The district court, in dismissing plaintiffs' breach of fiduciary duty claim as duplicative and time barred, stated in dicta that “this claim, which is based largely on defendants' alleged failure to disclose the existence of the phantom account offset is meritless.” The court made no findings of fact concerning whether defendants acted in a fiduciary capacity towards the plaintiffs. Cf. Varity Corp., 516 U.S. at 498, 116 S.Ct. 1065 (“In reviewing [the district court's] legal conclusion [that the defendant acted as fiduciary], we give deference to the factual findings of the District Court, recognizing its comparative advantage in understanding the specific context in which the events of this case occurred.”).
We therefore remand to the district court for further proceedings on these questions.14 On remand, the district court should permit a trier of fact to assess (1) whether the defendants acted in a fiduciary capacity when they communicated with the Plan's beneficiaries about the implementation of the phantom account, and (2) whether those communications contained affirmative misrepresentations of fact concerning the Plan or breached the defendants' duty to deal fairly with the Plan's beneficiaries.
Second, we disagree with the district court's conclusion that all of the relief sought by the plaintiffs in their claim for breach of fiduciary duties can be adequately addressed by the relief available under § 502(a)(1)(B). In Devlin, this Court considered whether the Supreme Court's decision in Varity Corp. foreclosed the availability of a private cause of action for breach of fiduciary duty under § 502(a)(3) when another potential remedy is available and held that it did not. 274 F.3d at 89-90. Rather, we held that responsibility for determining “appropriate equitable relief” rests with the district court. Id. at 89. That determination “must be based on ERISA policy and the ‘special nature and purpose of employee benefits plans',” id. (quoting Varity Corp., 516 U.S. at 515, 116 S.Ct. 1065), as well as consideration of the relief afforded the plaintiffs under their § 502(a)(1)(B) claim. Thus, we direct the district court that if the plaintiffs prevail on this claim, it must determine what “appropriate equitable relief” is necessary. Although the district court has previously addressed this issue and found no relief was necessary, in light of our holdings above, we direct that it reconsider the issue should the plaintiffs prevail on this claim.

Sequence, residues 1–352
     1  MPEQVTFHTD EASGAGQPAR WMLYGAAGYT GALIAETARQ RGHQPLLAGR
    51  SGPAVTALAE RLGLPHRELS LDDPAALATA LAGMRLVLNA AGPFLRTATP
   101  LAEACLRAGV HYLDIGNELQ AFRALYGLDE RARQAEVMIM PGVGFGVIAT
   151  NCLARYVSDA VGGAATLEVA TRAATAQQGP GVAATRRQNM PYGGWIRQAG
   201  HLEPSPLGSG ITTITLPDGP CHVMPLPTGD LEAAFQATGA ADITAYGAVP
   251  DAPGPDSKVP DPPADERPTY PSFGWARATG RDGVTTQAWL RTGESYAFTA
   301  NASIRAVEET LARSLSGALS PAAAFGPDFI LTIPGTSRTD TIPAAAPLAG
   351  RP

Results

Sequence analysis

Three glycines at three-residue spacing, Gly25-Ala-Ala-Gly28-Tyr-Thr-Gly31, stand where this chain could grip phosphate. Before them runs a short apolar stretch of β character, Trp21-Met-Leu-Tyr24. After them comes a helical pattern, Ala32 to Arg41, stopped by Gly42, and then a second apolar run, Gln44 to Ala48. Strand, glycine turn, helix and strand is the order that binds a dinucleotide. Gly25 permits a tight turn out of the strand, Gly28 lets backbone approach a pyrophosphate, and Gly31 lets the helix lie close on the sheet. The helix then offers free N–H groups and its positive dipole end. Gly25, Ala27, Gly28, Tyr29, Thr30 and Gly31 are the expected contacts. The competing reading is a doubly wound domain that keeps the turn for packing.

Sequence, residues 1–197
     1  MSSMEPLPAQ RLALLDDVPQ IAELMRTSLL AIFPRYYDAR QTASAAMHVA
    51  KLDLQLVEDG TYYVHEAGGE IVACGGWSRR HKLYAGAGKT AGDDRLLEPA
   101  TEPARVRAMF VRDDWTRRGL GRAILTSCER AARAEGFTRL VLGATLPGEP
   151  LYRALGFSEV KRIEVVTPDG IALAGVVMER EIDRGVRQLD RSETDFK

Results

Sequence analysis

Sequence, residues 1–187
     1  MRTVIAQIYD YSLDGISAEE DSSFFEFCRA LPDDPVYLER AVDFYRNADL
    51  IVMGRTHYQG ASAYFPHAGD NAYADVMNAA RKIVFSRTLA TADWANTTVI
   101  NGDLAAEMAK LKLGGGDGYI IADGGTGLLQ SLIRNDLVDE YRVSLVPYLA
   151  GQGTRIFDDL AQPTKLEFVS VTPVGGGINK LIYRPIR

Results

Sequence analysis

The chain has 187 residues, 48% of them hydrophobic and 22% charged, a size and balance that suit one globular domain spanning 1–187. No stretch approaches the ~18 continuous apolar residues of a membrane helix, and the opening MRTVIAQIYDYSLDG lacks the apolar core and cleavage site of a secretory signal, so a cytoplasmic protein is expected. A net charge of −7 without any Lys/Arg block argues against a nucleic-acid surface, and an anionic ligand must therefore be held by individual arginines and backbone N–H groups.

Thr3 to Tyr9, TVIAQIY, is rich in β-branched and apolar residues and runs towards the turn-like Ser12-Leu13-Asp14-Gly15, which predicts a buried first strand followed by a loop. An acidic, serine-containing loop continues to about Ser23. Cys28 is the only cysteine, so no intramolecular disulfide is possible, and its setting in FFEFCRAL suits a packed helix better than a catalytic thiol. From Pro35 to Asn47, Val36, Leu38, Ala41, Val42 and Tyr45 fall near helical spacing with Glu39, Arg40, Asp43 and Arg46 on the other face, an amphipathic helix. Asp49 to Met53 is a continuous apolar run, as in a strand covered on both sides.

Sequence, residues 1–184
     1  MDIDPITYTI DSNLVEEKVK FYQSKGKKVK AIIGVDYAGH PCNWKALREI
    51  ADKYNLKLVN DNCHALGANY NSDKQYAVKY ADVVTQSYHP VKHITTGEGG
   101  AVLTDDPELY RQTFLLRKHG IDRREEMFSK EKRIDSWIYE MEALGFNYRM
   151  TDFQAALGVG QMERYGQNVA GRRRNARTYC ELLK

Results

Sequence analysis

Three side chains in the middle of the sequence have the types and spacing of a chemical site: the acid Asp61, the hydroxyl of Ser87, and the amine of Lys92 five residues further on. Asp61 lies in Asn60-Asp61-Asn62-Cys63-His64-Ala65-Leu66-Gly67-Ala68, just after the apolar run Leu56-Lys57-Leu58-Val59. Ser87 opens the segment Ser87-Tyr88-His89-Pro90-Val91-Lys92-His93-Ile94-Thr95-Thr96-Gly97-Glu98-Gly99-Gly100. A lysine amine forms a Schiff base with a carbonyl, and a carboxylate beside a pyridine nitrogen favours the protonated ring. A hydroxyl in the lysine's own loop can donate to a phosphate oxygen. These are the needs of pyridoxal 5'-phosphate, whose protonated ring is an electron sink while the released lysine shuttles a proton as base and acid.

Third, and finally, we reject the district court's findings that the plaintiffs' claim for breach of fiduciary duty was untimely. Under ERISA § 413, 29 U.S.C. § 1113, such a claim must be brought within “(1) six years after (A) the date of the last action which constituted a part of the breach ․” or “(2) three years after the earliest date on which the plaintiff had actual knowledge of the breach or violation,” whichever is earlier. The district court found the claim to be untimely under § 413(2) because it determined that the three year statute of limitations began to run in 1995 when the Benefits Update disclosing the nature of the phantom account was issued. Frommert 2004, 328 F.Supp.2d at 439.